In all the major models of human maturity, two qualities recur constantly: wisdom and connectedness.
Wisdom, as exemplified by the original mentor, Athene, relates to the process of reflection upon and learning from experience. The scope of wisdom is therefore associated with and to some extent limited by the range of experiences, to which a person is exposed, either directly or vicariously, intendedly or unintendedly.
Connectedness is about how we link our experiences and how we absorb new knowledge from contexts, with which we are not familiar. The more connections we have, the greater the opportunity to recognise new patterns, metaphors and analogies from outside our known worlds, which stimulate new perspectives and insights into our core reservoirs of wisdom.
One of the markers, which can be proposed to indicate maturity both as a person and as a coach-mentor, is how people approach and absorb new knowledge. Early-stage coach-mentors tend to snatch up new models and approaches like shiny baubles. They may embrace them uncritically and discretely, without seeing the wider connectedness that puts them into context. More mature practitioners tend to be more critical and more selective in what they chose to absorb, seeing it in the context not only of how it interfaces with coaching or mentoring, but in how it relates to multiple, different, other bodies of knowledge. Some of these bodies of knowledge may be closely connected to their core of wisdom, others much less so.
We can distinguish here between narrow, broad and multi-dimensional wisdom. Narrow wisdom is typified by functional expertise — for example, in aeronautical engineering or international taxation. It sees connections primarily within a sphere of experience. Broad wisdom tends to be found in people, who are superb observers of life. People with this kind of wisdom see connections and parallels between contexts that have personal meaning to them. (For lovers of classic whodunit stories, think Father Brown or Miss Marple!)
Multi-dimensional wisdom incorporates both of these but includes also a restless curiosity for learning from any and all facets of human exploration, experience and knowledge. It is the territory of the polymath, who sees connections between art, science, history and many other disciplines. It is, in effect, meta-wisdom and the archetype we might point to here is Michelangelo.
A useful analogy might be with bubbles. In narrow wisdom, the observer sits on the inside of the sphere, able to see everything in this space in the round. In broad wisdom, the observer looks both inward and outward, into surrounding bubbles. His or her bubble is static among them. In meta-wisdom, the observer’s sphere moves amongst many bubbles, harvesting them for insights that expand his or her own bubble.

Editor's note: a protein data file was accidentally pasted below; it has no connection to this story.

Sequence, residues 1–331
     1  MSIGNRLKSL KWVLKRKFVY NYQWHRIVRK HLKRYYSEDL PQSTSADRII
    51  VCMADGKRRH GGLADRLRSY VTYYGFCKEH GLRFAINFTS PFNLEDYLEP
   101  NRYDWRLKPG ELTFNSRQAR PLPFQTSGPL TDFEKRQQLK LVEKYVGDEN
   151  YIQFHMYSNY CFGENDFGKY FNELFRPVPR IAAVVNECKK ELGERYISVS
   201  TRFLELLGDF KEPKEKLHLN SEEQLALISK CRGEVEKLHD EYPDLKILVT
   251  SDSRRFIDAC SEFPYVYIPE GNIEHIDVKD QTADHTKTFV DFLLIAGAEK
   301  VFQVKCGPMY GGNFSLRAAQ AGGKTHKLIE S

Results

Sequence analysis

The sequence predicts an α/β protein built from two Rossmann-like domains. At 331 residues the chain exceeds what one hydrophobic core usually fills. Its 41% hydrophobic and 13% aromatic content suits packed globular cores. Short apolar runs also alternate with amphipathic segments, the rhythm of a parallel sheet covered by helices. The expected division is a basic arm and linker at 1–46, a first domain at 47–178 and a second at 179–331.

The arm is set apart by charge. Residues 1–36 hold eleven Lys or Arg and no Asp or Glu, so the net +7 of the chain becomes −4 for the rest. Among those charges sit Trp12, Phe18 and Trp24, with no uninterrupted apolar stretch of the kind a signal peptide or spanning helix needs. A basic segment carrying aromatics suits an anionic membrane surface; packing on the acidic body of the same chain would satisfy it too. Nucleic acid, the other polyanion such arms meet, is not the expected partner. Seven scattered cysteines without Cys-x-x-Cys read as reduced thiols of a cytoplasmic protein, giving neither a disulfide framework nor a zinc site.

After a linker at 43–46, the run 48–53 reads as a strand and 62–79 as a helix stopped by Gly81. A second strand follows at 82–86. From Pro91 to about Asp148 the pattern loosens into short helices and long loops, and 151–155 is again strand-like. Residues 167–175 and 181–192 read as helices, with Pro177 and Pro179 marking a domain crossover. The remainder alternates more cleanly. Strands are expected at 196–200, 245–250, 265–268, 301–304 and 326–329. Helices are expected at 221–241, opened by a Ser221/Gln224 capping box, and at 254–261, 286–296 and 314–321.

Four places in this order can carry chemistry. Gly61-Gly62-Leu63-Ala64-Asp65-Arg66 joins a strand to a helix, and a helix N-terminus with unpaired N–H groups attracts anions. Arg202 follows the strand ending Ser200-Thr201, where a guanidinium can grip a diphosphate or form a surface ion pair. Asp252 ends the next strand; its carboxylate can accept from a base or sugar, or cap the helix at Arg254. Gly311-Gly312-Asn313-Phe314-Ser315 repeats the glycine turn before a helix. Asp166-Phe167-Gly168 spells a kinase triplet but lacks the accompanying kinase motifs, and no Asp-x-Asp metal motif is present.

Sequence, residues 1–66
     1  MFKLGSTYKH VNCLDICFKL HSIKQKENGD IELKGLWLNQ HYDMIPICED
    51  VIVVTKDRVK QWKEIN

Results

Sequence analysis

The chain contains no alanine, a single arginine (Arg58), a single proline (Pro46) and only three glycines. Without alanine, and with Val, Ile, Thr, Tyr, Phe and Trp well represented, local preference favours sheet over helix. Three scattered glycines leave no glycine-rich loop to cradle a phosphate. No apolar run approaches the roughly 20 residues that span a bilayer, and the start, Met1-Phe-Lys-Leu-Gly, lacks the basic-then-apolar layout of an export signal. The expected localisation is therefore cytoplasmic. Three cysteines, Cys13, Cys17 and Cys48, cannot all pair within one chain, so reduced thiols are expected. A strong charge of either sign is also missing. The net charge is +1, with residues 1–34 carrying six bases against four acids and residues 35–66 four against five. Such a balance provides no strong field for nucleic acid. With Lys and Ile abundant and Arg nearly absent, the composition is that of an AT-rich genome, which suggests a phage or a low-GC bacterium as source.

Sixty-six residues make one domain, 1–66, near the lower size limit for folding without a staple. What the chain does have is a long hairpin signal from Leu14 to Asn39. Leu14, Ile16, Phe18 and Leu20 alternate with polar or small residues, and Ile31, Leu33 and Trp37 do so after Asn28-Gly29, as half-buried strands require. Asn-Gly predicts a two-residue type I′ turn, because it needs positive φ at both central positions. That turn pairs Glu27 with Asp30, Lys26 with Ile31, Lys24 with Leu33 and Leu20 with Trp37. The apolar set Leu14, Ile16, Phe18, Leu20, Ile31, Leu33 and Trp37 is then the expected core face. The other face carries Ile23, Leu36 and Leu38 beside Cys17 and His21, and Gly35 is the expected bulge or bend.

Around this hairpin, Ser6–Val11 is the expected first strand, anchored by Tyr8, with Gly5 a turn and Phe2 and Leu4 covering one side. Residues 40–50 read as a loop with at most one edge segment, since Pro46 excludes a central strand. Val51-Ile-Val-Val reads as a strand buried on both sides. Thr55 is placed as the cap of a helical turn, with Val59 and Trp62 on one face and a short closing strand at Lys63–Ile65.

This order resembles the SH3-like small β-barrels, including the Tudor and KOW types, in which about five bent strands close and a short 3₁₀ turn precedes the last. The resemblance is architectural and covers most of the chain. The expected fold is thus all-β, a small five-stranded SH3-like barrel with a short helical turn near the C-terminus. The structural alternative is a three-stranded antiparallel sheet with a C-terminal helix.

So, what has all this got to do with Artificial Intelligence?
Meta-wisdom has never been easier to access. The web allows us to seek and find connections to an unprecedented extent, largely driven by learning algorithms. As we learn to partner with AI, and our AI partners learn to anticipate how we construct and use wisdom, they will be able to explore many, many more spheres of knowledge than we can currently encompass, seeking out those, upon which we might usefully draw and summarising just enough for us to decide which to follow through. For many years, now, I have made a habit of browsing in book stores amongst shelves, where the subjects are closed books (literally) to me. It’s surprising (well, not any more) how often I find inspiration there. AI can soon do a lot of this for me, only more efficiently and not just when I happen to be around a bookshop.
As with every other aspect of the coach/mentor — AI partnership, the challenge for the coach or mentor is going to be how to moderate the helpfulness of the AI partner, so that it does not become overwhelming. The challenge for the AI is that existing algorithms, as used by Amazon and regular search engines, learn from patterns of interest we have already unconsciously established. But meta-wisdom takes us into areas we don’t know we might be interested in — less prediction than instinction.
The co-learning between the coach or mentor and their AI support will help with yet another aspect of wisdom — the integration of knowledge and understanding about ourselves with knowledge and understanding of the wonderfully complex and diverse multiple bubbles of the worlds around us.
David is a mentor, coach, researcher and facilitator who’s job it is to ask BDQs “Bloody Difficult Questions”. He’s practice leader in international consultancies David Clutterbuck Partnership (DCP) and Coaching & Mentoring International (CMI). His work revolves around helping people and organisations harness the power of dialogue — to have the conversations that will bring about positive change.
He is also visiting professor to the coaching and mentoring faculties of Oxford Brookes University, Sheffield Hallam University and York St John. In 2011, he was voted Coaching at Work magazine’s Mentor of the Year. He also co-founded the European Mentoring and Coaching Council, for which he’s now International Special Ambassador.
Specialties: Coaching, mentoring, top team development, board development, systemic talent management. Public speaker and presenter, internationally.
Learn more about the team coaching and AI relationship at www.saberr.com